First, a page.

Have you noticed your teenager is staying up all night texting on their phone or playing video games? Do they complain of being too tired to do homework? Do they sleep the weekends away? Or do they complain of disturbed sleep or problems falling asleep? Here are some steps you can take to help your teen improve their sleep.
- Observe: Over the course of a few days, make a mental note or physical list of the effect lack of sleep or poor sleep is having on your teen. When they get up in the morning you can ask “how did you sleep?” and have a short discussion with them about their sleep. If they didn’t sleep well, ask a few more questions, such as “did you have a problem falling asleep or staying asleep?” “did anything wake you?” “how long were you awake when you woke in the middle of the night?” “what did you do when you woke up?” Also try to notice the effects of lack of sleep, such as grumpy mood, needing a nap in the afternoon, being too tired to do after school or evening activities or a drop in school grades.
- Model: Consciously model positive sleep habits, even if you don’t usually follow them. For example, you could say “I notice if I go to bed too late I’m too tired the next day, so I’m going to bed now.” “I’m going to get away from screens now because I’m going to bed in an hour and I want to be able to go right to sleep.”
- Discuss: Choose a quiet time to discuss with your teen about their sleep habits.A car ride is a great time for this type of discussion. This is not a time to scold, it is a time to be curious and a helpful problem solver. For example: “I’ve noticed you seem to be having a hard time sleeping/staying asleep at night and I wonder if that is why you’re too tired to do homework in the evenings. I know you really want to go to X University, and I am worried about how that might affect your grades. Have you noticed a problem with your sleep?” (If they don’t, use your memory or notes from step one to remind them of what they told you or what you observed to gently encourage them to acknowledge their sleep issues). Ask if they would like to learn how to have better sleep. If Yes, go to step 4. If not, leave the door open by telling them you are ready to discuss it anytime, and then go back to step 1 and try again in a few weeks. Sometimes teens, like all of us, have to think things over for a while before they are ready to make change.
- Educate: Let your teen know the benefits of adequate, good quality sleep. These include doing better academically, having higher test scores, having fewer accidents, including car accidents, getting along better with others (even parents), getting sick less often, having less moodiness, being less likely to be overweight, depressed and have behavior problems. Here’s a link to a video if you think that’s an easier way for your teen to absorb the information: https://youtu.be/xxxWv6PM4EM .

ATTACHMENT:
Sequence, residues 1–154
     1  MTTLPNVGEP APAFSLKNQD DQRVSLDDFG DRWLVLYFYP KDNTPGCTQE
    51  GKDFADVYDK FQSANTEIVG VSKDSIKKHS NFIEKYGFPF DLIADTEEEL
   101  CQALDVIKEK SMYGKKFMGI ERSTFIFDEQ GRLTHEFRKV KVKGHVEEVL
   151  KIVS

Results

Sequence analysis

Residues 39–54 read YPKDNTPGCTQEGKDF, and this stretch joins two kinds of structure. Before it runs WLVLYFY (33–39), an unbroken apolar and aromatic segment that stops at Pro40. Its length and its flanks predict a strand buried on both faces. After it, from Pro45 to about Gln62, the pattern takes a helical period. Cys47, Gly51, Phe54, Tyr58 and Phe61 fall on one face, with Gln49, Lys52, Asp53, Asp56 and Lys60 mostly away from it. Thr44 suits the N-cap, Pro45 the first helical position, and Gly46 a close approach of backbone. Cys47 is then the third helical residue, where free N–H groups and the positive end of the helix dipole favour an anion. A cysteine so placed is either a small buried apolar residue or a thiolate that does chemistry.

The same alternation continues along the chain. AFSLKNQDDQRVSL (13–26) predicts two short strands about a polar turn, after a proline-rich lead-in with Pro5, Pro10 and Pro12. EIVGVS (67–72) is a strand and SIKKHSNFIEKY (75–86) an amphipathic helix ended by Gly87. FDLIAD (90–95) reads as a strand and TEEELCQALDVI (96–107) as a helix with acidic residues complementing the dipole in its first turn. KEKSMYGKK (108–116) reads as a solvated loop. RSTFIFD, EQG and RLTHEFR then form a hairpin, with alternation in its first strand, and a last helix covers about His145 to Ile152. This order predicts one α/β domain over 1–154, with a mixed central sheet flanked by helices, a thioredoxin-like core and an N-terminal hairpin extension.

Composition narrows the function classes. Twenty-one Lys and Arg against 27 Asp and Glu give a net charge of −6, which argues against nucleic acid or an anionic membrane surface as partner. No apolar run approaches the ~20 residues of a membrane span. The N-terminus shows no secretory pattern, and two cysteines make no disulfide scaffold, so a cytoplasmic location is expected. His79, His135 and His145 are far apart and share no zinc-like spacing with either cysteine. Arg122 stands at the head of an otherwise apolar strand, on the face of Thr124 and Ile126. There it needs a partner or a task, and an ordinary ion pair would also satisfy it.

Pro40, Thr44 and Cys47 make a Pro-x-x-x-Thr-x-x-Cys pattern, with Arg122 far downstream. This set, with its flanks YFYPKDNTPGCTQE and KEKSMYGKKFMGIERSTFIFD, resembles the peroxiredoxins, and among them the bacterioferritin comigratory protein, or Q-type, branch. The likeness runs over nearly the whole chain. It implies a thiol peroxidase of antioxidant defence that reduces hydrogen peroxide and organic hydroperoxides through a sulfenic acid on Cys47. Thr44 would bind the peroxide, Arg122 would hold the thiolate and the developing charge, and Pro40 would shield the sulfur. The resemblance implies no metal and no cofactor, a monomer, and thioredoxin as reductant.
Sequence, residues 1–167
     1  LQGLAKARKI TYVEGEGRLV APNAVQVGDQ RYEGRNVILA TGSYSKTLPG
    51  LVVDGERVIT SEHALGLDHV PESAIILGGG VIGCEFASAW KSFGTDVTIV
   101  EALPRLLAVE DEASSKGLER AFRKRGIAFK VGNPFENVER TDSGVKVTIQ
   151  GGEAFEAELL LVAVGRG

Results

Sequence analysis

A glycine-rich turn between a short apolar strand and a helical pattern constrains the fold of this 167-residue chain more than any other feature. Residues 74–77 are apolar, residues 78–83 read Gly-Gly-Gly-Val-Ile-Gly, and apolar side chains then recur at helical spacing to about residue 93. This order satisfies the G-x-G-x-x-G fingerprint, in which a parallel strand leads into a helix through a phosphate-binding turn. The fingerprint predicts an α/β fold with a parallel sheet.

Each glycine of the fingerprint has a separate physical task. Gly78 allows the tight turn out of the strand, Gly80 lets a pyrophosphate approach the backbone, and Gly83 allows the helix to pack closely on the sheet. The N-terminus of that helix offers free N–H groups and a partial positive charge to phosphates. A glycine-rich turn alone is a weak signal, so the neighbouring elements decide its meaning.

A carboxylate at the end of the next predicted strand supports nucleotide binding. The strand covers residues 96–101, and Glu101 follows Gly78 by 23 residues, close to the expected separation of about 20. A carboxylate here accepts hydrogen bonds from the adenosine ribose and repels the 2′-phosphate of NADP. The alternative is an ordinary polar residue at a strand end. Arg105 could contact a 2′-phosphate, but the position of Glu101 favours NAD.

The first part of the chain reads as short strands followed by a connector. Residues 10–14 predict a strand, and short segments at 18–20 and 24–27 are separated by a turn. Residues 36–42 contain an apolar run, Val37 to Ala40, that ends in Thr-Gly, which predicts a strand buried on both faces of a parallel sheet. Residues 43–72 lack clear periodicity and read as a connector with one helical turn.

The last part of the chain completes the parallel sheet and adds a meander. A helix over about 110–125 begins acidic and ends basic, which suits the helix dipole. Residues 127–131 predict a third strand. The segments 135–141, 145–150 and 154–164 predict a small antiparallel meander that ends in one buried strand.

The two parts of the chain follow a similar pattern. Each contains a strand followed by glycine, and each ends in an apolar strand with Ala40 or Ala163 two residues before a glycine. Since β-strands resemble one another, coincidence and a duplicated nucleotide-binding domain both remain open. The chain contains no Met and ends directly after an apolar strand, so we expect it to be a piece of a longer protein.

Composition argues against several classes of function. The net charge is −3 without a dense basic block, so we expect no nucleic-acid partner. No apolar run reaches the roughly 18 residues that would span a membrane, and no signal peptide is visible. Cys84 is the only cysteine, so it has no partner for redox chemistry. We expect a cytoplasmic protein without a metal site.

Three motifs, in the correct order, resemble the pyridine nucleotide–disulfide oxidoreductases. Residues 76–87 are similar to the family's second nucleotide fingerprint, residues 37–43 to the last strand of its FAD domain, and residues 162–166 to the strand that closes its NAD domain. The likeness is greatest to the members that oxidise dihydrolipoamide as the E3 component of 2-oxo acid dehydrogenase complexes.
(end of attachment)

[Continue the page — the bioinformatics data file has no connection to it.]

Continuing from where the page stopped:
- Assess: Explore with your teen the items that might be contributing to poor sleep. No Sleepless Nights website lists a number of sleep tips you can review with your teen. Make a list of the ones that apply to your teen’s sleep situation.
- Plan: Choose 3 or 4 items from the list for your teen to try out. Help them implement the tips if they like. For example, you can help them blackout all the lights from their room. One idea if your teen usually sleeps with their phone so they can listen to music is to buy a cheap bluetooth speaker that can be synced to their phone with the phone placed outside the room and the speaker inside. That way they can listen to music without being tempted to text friends at midnight. Another idea might to be agree on a bedtime with your teen and have them set an alarm for 30 minutes before their bedtime so they can start their bedtime routine.
- Reassess: Using the process in #1, assess if the changes made are helping your teenager sleep better. Point out any changes or improvements you notice.
- Repeat: After one week, if your teenager’s sleep still isn’t what they would like it to be, repeat steps 5 and 6, adding some other sleep hygiene tricks to what you are already doing and then reassess again after one week.
What if none of this works? That might mean it is time to talk to your teen’s doctor. Let the doctor know everything you have tried. Sleep problems can be caused by physical or other problems, so medical assessment is a good idea if none of the above have helped. Or, if you are having a hard time even having this conversation with your teen, maybe you need some parent coaching to get you through it. If so, I’m happy to help! Email me at firstname.lastname@example.org to set up an appointment with me or check out my website for more information at wiseowlcoaching.org .